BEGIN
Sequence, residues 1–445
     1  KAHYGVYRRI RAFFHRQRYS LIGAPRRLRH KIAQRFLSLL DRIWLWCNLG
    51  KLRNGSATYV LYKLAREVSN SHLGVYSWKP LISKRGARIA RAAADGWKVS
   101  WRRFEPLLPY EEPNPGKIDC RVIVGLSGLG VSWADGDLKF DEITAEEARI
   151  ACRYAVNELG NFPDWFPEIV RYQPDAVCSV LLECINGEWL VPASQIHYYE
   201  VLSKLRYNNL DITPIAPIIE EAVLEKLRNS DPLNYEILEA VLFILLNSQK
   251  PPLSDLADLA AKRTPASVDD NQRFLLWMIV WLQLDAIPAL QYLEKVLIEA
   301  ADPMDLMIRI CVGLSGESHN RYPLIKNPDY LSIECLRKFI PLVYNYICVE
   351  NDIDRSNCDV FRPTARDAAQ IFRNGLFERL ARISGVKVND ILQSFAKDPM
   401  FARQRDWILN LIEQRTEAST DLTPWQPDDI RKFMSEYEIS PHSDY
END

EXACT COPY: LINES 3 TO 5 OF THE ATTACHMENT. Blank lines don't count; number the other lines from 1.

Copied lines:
    51  KLRNGSATYV LYKLAREVSN SHLGVYSWKP LISKRGARIA RAAADGWKVS
   101  WRRFEPLLPY EEPNPGKIDC RVIVGLSGLG VSWADGDLKF DEITAEEARI
   151  ACRYAVNELG NFPDWFPEIV RYQPDAVCSV LLECINGEWL VPASQIHYYE